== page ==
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Pre-Fab: How To Make It Work

Updated: 3 days ago


Breeze 3 bedroom single family residence - online plans coming soon

We will often get phone calls from potential clients who are very excited by the idea of a pre-fabricated structure (Home/ADU/Cabin, etc.) and want to know more about how to put one on their site. While pre-fab structures are an excellent option, there are quite a few things about them to take note of before assuming that is the right path for your project. We've put together this post to help answer some basic questions and determine the reality of a potential idea you may have. If you have more questions, or are sure this is the right path for you and want to get started - send us an email!

What we will cover in this blog post:

  1. What is Pre-fab when it comes to residential projects

  2. Where do architects come into the picture?

  3. What to look for in a Pre-fab unit or manufacturer for our region

  4. Why you might choose a Pre-fab dwelling

  5. Logistics - Where & How

  6. The Process

  7. Alternative Options

  8. Questions for Potential Manufacturers



What is Pre-fab when it comes to residential projects

Prefab, pre-fabricated, manufactured, modular, these are just some of the terms people use to describe a unit (home/ADU/etc.) that is produced in a factory and then shipped to it's site where it is placed on top of a foundation - for simplicity's sake, we are just going to use the term pre-fab.



There are generally (2) versions of pre-fab that are most often seen in residential projects:

  1. Modules - Where a semi-truck-bed sized component (module) is shipped to the site as a finished or nearly finished unit and is then craned into place atop a site-built foundation. This module might be the whole dwelling, or it may be just one component that will be site-connected to one or more other modules. The foundation will be designed by a local architect, engineer or designer, and built by your contractor. Then the contractor will oversee the delivery and installation of the module(s)

  2. Kit or Panelized - When you order a kit home or ADU, you will receive a large bundle of pre-fabricated components (walls, floors, roofs) that will need to be assembled on-site by a contractor or very ambitious home-owner, like a giant puzzle. Your foundation will still need to be designed by a local architect, engineer or designer, and built by your contractor.


It is important to note that pre-fab architecture is not new. It has been around, in various re-incarnations for at least a hundred years. Think Sears Catalog homes as early as 1908 (Kit homes), or perhaps the Eames House that was built in 1949 (trying to redefine the kit of parts for a Kit Home)...and everyone's least favorite topic, the ever-present 'mobile home', which technically hasn't been 'mobile' since the 1970's when standardized certification under HUD came into effect. 'Mobile homes' have since been re-termed 'manufactured housing', even if most people still refer to them as mobile homes or trailers. Since at least the early 2000's there has been a slow, quiet reincarnation of manufactured housing, and a push to use the term 'pre-fab' when describing the modern-styled and meticulously crafted cousin to manufactured homes that are found advertised in the back of every Dwell magazine.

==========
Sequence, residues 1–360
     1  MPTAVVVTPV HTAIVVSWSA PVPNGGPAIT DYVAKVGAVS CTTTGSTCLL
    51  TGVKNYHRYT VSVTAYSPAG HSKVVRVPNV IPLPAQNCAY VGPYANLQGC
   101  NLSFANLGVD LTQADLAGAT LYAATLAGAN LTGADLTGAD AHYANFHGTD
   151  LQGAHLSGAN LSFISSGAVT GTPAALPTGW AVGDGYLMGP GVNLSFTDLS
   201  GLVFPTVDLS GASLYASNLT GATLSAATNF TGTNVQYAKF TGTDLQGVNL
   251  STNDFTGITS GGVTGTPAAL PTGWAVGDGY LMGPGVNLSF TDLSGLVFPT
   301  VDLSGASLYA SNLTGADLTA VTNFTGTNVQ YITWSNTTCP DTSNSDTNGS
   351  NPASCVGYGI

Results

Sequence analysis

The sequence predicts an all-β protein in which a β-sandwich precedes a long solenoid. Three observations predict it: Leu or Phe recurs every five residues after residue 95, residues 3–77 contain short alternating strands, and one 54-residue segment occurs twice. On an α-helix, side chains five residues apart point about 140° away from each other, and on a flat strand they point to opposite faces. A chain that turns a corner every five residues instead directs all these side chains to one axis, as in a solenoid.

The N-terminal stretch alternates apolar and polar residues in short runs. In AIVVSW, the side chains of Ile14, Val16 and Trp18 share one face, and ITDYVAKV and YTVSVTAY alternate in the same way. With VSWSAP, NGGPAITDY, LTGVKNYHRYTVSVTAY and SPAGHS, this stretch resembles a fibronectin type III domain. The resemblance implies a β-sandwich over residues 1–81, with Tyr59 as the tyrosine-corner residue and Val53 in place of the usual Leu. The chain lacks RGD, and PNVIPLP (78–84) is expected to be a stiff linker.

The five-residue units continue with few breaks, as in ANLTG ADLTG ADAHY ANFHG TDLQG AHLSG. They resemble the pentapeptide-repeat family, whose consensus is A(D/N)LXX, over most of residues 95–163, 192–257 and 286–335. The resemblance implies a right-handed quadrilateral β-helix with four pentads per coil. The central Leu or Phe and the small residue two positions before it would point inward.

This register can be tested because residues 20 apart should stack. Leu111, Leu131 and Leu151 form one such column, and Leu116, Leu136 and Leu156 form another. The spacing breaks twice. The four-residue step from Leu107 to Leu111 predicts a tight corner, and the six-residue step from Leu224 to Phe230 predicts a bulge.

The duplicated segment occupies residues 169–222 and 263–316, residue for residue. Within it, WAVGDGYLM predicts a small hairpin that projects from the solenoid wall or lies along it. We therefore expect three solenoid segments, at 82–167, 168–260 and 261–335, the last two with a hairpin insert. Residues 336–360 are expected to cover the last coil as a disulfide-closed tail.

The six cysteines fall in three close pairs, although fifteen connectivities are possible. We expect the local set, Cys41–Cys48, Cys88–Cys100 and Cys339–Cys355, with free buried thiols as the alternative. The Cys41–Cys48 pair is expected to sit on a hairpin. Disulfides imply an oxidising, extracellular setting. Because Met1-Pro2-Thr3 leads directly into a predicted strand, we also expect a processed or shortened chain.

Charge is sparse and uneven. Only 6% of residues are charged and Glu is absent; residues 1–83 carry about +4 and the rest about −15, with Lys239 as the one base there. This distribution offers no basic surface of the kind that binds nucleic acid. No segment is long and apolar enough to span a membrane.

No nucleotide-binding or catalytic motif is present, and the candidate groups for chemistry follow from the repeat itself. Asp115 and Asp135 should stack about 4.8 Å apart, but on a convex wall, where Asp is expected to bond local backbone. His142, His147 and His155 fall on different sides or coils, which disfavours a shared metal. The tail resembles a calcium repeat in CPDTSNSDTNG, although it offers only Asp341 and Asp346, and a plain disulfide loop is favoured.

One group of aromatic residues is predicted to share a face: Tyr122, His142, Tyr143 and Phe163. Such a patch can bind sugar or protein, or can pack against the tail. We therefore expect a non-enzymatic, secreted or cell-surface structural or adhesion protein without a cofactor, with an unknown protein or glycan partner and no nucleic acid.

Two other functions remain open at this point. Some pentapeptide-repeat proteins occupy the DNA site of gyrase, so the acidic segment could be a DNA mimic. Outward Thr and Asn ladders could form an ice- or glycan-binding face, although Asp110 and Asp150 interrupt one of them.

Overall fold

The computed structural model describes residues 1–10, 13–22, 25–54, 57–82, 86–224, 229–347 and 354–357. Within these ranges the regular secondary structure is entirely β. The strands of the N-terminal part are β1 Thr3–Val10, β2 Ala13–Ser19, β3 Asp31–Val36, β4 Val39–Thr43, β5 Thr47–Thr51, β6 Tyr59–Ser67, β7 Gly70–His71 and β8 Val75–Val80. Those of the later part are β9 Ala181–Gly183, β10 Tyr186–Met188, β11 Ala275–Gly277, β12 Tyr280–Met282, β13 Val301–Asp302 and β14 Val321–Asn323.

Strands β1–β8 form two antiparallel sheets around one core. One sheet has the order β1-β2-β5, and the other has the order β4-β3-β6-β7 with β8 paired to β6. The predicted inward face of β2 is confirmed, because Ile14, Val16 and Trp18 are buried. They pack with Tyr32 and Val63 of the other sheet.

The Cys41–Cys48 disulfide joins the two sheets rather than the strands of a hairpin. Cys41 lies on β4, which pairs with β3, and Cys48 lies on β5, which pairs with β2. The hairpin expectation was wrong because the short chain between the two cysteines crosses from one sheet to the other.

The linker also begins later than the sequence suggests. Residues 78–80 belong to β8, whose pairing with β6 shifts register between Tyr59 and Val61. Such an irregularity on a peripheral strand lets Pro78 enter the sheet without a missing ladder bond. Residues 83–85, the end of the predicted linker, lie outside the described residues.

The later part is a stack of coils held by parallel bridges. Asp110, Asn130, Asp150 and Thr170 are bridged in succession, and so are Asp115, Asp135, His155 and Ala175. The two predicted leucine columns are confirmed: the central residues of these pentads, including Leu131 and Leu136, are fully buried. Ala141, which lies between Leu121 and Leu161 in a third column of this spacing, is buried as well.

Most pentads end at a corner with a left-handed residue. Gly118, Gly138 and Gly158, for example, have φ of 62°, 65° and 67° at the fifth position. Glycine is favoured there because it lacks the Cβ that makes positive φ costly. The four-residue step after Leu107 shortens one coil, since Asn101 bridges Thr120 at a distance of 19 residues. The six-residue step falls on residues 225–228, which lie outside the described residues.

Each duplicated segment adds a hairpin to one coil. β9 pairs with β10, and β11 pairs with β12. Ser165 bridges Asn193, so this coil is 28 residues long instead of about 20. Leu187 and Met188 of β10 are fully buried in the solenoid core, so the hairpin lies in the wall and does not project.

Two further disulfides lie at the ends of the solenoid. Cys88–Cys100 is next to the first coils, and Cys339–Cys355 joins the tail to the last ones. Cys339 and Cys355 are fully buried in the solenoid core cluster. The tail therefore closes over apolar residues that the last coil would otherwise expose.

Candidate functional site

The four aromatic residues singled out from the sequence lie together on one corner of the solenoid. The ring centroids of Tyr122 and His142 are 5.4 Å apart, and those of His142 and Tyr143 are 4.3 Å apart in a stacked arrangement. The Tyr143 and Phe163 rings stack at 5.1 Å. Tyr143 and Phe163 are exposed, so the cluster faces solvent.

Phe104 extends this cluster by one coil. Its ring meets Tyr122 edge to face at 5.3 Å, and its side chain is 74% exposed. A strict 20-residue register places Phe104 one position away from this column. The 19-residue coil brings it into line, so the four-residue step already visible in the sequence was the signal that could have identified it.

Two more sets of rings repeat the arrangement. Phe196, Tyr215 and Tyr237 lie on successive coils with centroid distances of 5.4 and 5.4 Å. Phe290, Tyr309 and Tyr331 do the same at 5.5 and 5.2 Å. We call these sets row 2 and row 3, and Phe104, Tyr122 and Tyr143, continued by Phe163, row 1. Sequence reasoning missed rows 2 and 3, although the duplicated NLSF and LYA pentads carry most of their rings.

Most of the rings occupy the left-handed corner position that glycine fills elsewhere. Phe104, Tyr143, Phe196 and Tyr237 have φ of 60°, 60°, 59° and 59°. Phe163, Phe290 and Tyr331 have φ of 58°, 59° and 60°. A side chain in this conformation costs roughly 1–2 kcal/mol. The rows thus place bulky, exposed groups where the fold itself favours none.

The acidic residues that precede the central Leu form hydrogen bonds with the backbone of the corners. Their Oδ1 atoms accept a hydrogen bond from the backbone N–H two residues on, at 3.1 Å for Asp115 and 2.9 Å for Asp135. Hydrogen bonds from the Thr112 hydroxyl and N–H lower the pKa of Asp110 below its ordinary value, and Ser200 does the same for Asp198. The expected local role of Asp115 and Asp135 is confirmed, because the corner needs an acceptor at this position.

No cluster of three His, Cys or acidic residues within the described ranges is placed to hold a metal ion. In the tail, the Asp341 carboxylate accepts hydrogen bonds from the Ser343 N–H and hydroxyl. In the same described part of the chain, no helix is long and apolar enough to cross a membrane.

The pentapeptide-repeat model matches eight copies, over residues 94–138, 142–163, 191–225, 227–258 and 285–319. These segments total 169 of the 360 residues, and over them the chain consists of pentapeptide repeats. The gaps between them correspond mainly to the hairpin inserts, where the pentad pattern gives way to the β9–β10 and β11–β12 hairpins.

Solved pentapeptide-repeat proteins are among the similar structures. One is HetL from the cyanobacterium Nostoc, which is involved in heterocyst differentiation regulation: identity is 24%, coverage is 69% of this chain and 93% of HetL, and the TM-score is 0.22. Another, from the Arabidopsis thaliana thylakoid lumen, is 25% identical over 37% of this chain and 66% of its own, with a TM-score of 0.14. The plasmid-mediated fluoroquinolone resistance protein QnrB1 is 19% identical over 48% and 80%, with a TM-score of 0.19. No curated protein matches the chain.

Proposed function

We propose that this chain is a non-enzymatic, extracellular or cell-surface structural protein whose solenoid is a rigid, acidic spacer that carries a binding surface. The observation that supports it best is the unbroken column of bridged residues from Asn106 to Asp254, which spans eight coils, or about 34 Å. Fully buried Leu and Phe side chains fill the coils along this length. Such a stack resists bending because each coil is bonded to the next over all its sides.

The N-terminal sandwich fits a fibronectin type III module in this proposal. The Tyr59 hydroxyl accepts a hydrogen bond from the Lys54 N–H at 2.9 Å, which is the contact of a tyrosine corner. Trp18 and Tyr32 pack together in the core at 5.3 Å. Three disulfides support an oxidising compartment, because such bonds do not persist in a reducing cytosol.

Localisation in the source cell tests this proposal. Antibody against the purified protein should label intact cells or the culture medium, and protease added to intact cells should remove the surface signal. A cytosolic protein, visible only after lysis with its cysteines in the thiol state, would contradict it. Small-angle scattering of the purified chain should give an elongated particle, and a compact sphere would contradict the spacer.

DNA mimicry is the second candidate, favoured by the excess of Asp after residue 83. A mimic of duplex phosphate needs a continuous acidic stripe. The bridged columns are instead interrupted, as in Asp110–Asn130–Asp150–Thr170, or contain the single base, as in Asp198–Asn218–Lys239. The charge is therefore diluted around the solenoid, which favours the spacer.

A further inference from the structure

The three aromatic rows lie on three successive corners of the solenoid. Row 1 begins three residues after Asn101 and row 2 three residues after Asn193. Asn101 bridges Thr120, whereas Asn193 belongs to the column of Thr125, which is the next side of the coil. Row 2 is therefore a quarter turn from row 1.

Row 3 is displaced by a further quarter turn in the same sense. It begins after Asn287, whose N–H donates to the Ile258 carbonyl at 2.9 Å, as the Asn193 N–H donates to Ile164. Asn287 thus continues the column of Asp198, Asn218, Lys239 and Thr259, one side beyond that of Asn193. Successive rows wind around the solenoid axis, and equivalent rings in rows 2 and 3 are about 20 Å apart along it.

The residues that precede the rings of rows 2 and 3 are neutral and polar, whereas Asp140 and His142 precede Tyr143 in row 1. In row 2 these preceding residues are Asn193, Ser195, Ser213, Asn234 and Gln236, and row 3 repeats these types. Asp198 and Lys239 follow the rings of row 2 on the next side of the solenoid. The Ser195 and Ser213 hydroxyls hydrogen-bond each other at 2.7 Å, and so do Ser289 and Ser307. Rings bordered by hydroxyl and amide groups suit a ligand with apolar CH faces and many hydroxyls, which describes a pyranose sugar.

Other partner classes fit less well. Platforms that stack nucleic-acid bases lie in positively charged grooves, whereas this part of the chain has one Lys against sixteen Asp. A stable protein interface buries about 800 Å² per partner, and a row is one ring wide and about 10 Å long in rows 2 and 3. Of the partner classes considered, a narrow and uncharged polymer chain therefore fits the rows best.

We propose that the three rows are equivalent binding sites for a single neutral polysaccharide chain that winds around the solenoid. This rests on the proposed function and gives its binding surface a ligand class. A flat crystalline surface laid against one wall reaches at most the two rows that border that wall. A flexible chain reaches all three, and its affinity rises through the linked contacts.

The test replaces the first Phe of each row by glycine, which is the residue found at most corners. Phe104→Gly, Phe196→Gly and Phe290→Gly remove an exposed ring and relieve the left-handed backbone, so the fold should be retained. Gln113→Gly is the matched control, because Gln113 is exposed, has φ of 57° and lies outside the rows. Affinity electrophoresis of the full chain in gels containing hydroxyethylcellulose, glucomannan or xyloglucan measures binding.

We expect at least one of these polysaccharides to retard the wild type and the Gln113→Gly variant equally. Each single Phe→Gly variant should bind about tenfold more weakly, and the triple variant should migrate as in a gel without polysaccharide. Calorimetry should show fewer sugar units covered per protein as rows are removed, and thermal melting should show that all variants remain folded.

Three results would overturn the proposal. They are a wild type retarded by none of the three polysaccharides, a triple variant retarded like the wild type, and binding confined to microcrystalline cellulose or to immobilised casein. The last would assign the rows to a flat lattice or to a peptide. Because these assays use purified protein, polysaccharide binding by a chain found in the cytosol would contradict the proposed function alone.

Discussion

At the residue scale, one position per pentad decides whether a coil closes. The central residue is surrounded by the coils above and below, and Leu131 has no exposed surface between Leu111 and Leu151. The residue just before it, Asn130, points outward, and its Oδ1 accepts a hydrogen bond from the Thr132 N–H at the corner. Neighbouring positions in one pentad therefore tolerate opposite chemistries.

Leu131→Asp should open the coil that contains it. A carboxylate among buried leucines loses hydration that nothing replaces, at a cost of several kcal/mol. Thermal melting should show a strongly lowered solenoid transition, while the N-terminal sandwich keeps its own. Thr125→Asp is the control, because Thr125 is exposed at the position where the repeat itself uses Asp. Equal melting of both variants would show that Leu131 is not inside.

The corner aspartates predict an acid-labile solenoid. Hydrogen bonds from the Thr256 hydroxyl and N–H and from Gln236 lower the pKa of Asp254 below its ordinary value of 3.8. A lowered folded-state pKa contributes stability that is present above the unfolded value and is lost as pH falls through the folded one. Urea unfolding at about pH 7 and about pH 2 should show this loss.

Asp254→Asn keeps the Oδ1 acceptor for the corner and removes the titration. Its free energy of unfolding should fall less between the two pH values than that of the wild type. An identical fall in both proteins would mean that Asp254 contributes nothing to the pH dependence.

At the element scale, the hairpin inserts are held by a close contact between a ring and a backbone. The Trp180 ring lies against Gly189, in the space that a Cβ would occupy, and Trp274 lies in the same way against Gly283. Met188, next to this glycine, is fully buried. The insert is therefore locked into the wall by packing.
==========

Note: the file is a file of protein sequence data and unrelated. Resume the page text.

So, what is the difference between a pre-fab/modular home and a manufactured home?

  • A manufactured home (mobile home/trailer) is regulated by HUD with federal certifications and compliance requirements. If you are installing a manufactured home, a building permit submittal is usually just the mfg. provided specification and certification package plus a site plan. We will not be addressing manufactured homes further in this post.

  • A pre-fab or modular home is regulated by the same state and local building codes that a stick-built (site-built) home is subject to. This means a permit submittal package for a pre-fab unit must be just as complete as one for a stick-built home. You will need to submit the same plans, elevations, details, structural design/calculations, and energy calculations. This service may be produced by the manufacturer, or it may be a collaboration between the manufacturer and a local architect or engineer.

    • If you are shopping for a pre-fab unit, please ensure the company you are looking at provides a permit submittal package and plan review assistance FOR CALIFORNIA BUILDING CODES & REQUIREMENTS. We cannot emphasize this enough.



Where do architects come into the picture?

There are two potential paths you can take on a pre-fab project:

  • Architect-Led Pre-fab - Where you work with an architect to design a unit for your needs. The architect will, in turn, work with the selected manufacturer to ensure the design fits within the manufacturing parameters. The architect will collaborate with with manufacturer to produce and coordinate all the drawings and calculations required for permitting, and then hand the design off to the mfg. for construction once a permit has been approved. In this scenario, the architect directs the whole process, starting with the design, collaborating with the mfg, coordinating the plan review submittal and working with any other consultants that may be required during the process.